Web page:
Through the years, I've witnessed my Michael change his ways for the better in how he manages his diabetes. He started on the insulin pump a little more than a year into our dating during our last year of college, and that helped him lower his A1C so much. There's been slacking, but in the five years that we've been married he has also gotten much better in doing what's necessary - in large part thanks to our own personal talks and planning but also his more recent involvement with the Diabetes Online Community.

Being married to a diabetic is no different to me as being married to someone who as food allergies. Physical activity wise, there is nothing that we/he/I cannot do. Eating is the same, when you think about it, there is nothing that we/he/I cannot eat. There are things we shouldn’t eat or thing that should be limited (I can eat shrimp with my seafood allergy, I just have to be prepared for the reaction that WILL follow. Mike can eat a whole triple chocolate cheesecake, again he just has to be prepared).

My life as a D-Wife is not very exciting… Sorry, but I find it very boring.

- I wake up and get ready for work, sometimes I make lunches that morning if I haven’t made them the night before. Either way, after I make lunches; I write the card count down and stick it in Mike’s lunch sack (its his own personal love note...)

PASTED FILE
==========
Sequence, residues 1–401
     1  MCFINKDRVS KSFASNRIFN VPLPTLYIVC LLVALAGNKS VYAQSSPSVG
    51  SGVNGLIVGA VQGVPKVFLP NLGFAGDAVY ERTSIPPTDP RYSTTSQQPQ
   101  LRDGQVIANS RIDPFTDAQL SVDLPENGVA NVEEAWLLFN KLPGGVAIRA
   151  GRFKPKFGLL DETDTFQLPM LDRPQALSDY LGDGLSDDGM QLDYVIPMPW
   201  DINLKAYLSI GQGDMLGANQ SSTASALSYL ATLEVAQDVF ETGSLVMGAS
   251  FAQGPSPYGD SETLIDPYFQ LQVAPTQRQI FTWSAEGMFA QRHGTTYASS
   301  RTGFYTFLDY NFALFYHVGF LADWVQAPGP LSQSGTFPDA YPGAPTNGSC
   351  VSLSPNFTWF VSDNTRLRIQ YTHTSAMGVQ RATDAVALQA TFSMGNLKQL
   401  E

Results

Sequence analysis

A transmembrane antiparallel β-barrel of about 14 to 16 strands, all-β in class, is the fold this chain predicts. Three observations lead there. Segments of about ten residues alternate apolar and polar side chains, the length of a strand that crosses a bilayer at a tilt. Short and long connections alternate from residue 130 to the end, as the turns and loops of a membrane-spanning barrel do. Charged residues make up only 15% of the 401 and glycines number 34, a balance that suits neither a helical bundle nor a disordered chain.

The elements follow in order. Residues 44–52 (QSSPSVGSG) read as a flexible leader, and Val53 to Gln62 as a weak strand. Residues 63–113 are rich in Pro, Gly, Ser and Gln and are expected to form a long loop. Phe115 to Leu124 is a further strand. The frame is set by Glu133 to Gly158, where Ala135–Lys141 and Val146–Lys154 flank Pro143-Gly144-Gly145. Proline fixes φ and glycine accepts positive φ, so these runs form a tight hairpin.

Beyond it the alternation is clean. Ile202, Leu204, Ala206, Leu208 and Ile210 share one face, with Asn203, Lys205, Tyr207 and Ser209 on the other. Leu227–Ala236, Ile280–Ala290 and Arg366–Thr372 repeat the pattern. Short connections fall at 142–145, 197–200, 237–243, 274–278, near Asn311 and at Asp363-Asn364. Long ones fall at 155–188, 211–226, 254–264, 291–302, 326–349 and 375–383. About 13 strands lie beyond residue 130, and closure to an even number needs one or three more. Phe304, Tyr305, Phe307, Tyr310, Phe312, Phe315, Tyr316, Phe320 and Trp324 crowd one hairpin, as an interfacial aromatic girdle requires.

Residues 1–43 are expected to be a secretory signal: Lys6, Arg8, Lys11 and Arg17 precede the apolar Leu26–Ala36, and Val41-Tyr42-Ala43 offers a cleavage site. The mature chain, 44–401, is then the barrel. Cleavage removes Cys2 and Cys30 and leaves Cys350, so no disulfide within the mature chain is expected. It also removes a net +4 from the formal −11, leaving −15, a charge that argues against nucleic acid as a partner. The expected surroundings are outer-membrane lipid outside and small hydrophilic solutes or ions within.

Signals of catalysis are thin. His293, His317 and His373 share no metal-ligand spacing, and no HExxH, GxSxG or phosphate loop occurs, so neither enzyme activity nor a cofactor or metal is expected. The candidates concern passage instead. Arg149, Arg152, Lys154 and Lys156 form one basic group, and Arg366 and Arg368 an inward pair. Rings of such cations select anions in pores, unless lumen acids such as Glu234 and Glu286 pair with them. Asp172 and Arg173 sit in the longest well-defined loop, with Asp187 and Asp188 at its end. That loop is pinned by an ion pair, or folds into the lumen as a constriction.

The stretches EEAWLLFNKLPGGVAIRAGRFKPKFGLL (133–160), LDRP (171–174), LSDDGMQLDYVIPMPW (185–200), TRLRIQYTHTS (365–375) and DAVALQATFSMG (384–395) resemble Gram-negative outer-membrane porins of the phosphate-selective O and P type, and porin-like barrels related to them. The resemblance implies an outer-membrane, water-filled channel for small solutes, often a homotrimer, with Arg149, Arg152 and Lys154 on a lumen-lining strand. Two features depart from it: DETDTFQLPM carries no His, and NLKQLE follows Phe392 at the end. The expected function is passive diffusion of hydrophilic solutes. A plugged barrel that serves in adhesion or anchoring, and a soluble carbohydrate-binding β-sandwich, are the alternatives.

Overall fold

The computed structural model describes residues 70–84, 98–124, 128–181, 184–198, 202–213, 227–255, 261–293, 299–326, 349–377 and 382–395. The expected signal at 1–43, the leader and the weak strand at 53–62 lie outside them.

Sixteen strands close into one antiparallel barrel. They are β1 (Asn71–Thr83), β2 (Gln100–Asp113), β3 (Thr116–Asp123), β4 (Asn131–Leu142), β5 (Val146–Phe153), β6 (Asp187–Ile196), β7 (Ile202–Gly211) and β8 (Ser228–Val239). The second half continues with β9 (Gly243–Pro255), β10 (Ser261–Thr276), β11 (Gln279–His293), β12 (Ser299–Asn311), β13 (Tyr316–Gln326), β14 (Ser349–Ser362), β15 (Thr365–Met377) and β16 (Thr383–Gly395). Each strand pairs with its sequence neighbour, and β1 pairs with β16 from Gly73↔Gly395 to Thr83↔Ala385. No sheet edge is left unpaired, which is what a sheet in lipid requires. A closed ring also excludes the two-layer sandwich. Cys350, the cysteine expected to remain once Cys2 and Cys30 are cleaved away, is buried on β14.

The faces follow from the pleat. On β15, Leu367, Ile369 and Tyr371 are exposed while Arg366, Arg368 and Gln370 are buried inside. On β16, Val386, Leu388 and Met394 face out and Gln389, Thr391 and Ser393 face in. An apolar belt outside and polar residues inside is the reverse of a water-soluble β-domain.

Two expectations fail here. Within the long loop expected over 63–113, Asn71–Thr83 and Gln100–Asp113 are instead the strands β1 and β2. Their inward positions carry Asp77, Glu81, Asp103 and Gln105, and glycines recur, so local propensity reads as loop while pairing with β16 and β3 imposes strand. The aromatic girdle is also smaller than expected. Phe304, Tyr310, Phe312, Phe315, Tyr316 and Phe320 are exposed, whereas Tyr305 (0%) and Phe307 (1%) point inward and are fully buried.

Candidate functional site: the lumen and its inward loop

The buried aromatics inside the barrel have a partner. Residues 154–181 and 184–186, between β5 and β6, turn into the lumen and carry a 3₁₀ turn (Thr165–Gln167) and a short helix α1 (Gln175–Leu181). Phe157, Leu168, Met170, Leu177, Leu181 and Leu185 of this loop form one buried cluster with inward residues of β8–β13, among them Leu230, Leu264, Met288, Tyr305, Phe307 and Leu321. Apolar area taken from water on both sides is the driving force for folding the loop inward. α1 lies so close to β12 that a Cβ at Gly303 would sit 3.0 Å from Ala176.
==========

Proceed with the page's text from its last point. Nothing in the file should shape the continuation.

- If Mike is not already awake, I usually get him up about 15 minutes before I leave. He does his pre-breakfast test and then I can go along my way knowing that he isn’t going Low.
- We text occasionally through out the day and usually talk at lunch. He doesn’t keep me up to date on every test result and I don’t make him - I think it helps to not be “that person.” He will let me know about any particular Highs or Lows that get in the way of the day’s tasks, and sometimes I’m able to catch up on his day’s Tweets that may detail some of those “#bgnows.” But that’s about it.
- Again, we text or call when we leave work to go home for the day; try and figure out what to make/eat for dinner. Whoever gets home first usually starts dinner, I normally finish either way, and usually calculate the carb counts for our particular meal.
- After dinner, we discuss our day and what’s on tap for tomorrow and usually battle over the laptop computer - so that I can use my Facebook Farmville and he can read more D-Blogs and catch up with the ever-so-friendly Diabetes Online Community through Twitter (the “tweeps.”)